Just as the listeners around the world were catching their breath from that incredible outing, a year later, This Is Not a Test! dropped. While this album received slightly less rave reviews than other Elliott offers, in many ways, it is the most interesting and insightful of her LPs. The “big” single, “Pass That Dutch,” is just as fun to fill a dance floor to as previous Missy rump-shakers, but it does not have the same indelible classic vibe that was immediate in other mega-hits from Elliott. On previous records, the big single was big; like one of those engagement rings that super-rich people have, the other tracks were studded around a humongous earworm. This was not the case on Test. “Pass That Dutch” is as fun, both in catchy hop-scotching choruses and eye-popping music video, but it begins with a serious soliloquy as Elliott pays tribute to fallen icons (Biggie, 2Pac, etc.) and contemplates the state of both the music she loves and the community she is a part of. It is a stark contrast from the seemingly always fun-loving Missy. But this reflection continues throughout Test, providing a 360 on the realities of being a Black woman at the turn of the 21st century without apology or a sugar coating. The third track, the raw “Wake Up” featuring Jay-Z, is a mirror (filled with pop-culture shorthand) held to the Black community:
Hip-hop better wake up, the bed to make ups
Some of y’all be faker than a drag on make-up
Got issues to take up, before we break up.
One of the many unique and awesome things about Missy is that she is never a victim. She may get frustrated, she may be contemplative, but she always finds a solution or the lighter side. She is self-reliant and strong, but not in a hammering-it-in-your-face kind of way. Missy just is. She is effortless.
This is never more apparent than in her self-love anthem, “Toyz.” Sure, she is annoyed that her lover can’t hit the spot, but hey. Missy isn’t dependant on anyone:
You don’t get the job done when I need a little loving
So I gotta do it myself if I wanna feel something
So I grab me a toy, ‘lil boo ain’t buggin’N
Now I want some affection and you ain’t giving me nothin’.
Another of Missy’s best attributes (there are really too many for this short of an article!) is, even amidst a look at social commentary and taboo topics, she still can let it rip and have fun. She isn’t always serious, as “Let it Bump,” “Fix My Weave,” and “Spelling Bee” all illustrate.
How could she top this album? Well, of course by putting out The Cookbook in 2005 with the irresistible “Lose Control.” Cookbook sees Missy go back to her template of one insanely contagious track with smaller glories packed in around it. Just a year later, her greatest hits collection, Respect M.E., came out.
Then nothing. Had Missy gone forever? Really, what else could she do? How do you top perfection?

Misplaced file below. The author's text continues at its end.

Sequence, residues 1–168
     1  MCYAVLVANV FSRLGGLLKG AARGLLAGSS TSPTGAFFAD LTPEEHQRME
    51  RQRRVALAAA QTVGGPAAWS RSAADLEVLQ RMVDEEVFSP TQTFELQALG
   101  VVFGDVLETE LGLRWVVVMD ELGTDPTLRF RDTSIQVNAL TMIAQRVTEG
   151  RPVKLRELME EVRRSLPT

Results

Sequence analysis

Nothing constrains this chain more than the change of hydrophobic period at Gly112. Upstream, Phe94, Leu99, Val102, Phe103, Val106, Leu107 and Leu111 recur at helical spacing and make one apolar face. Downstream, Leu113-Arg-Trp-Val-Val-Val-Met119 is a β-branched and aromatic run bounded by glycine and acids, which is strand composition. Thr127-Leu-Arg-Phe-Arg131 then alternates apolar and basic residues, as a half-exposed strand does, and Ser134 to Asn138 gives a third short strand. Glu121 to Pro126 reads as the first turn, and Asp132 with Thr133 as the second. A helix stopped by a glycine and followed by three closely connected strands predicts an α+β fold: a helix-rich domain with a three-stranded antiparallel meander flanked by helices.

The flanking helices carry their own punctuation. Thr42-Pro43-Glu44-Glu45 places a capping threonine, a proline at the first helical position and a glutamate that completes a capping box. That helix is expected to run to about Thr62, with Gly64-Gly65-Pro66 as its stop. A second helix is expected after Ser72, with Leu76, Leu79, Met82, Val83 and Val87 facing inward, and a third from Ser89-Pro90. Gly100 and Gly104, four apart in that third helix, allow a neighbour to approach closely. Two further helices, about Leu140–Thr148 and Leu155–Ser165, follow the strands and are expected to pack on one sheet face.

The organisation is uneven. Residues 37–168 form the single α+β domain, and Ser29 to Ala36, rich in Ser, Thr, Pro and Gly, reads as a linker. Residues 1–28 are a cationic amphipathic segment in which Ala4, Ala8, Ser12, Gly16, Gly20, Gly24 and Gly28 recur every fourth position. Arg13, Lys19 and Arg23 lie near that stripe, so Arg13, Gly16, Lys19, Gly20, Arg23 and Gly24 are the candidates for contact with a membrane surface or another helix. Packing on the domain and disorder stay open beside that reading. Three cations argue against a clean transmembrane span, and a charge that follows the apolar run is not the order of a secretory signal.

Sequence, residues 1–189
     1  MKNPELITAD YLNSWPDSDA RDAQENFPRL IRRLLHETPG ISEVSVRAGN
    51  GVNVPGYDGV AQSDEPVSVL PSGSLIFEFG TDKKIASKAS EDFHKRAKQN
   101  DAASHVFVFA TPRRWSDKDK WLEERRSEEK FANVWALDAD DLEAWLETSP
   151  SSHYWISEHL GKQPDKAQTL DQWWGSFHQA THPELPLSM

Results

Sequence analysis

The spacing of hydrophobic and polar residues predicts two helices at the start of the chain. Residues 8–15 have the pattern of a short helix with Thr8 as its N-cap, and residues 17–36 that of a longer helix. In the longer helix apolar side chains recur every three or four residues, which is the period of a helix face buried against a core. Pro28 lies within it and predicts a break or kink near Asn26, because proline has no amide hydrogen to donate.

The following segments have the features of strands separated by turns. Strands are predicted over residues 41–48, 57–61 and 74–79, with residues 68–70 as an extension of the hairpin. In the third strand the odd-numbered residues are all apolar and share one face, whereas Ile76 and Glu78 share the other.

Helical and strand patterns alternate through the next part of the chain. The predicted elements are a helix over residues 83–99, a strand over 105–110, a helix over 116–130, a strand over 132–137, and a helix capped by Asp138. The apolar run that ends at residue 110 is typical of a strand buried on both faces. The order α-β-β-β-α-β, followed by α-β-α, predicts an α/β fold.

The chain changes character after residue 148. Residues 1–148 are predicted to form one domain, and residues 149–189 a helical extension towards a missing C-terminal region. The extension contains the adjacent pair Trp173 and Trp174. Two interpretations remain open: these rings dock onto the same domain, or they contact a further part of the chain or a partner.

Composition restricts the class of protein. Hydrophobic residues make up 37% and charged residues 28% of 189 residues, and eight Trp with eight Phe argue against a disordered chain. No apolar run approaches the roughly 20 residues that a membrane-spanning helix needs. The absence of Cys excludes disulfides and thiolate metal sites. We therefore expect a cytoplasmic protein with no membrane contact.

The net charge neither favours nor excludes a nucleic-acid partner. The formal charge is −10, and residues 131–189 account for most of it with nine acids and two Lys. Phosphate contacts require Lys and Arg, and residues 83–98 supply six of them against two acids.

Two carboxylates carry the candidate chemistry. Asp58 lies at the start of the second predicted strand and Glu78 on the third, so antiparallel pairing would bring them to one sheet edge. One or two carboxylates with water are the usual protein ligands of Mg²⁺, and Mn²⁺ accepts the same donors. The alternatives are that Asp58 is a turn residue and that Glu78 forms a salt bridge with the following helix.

Almost a soul-wrenching decade later, the single “WTF (Where They From)” with Pharrell Williams dropped. The wait had been worth it, the track being one of the most contagious tunes of the century. The video went beyond anything Elliott had done before, featuring the artist dressed as literal pieces of pop art. As inspired as the song was, it only made fans remember how much they were missing Missy.
When her EP Iconology finally came out in 2019, it was a relief. Missy was still making art! Lead single “Throw It Back” was a bit flat and literally one note, which was a horrible disappointment after such a rabid wait. The following two cuts, “Why I Still Love You,” and “DripDemeanor,” show that Elliott can croon on a slow jam (the former) and rhyme just a smooth on a bump-and-grind mid-tempo track (the latter) as she can on her classic songs. But none of these had that special Missy sparkle, the wit, the humor, the honesty. They were a bit generic. I listened because I love Missy, not because they are brilliant tunes.
The final cut, “Cool Off,” however, is both an homage to hip-hop’s past while being firmly placed in current trends. Missy again shows why she is the thinking person’s artist. Her video takes place in a museum with various references to specific art movements widely sprinkled throughout.
Like a treasure in the hallowed halls of such establishments, Missy is one of a kind, precious, and totally inspiring. We need her music, her style, and her flavor now more than ever. You could easily say that she paved the way for the Nicki Minaj’s of the world, but then you would be missing the subtle yet calculated singularity of Elliott. Never has her sexuality, gender, or personal life been the lead attraction. It has always been her unparalleled honesty, talent, and ability to cross every sort of divide — from race to fine art to fashion — that sets her completely apart from other artists. It has never been “Look at me!” in a Lady Gaga sort of way. She has always been a complicated bricolage of society, much like the cut-and-mix nature of hip-hop itself.
Missy Elliott’s Most Popular Albums
This list is determined by two things: how many Discogs users have the album in their collection plus how many Discogs users want to add it to their collection. While we focused on full-length studio albums, it’s worth noting that the Work It and Get Ur Freak On singles are in a lot of record collections across the world.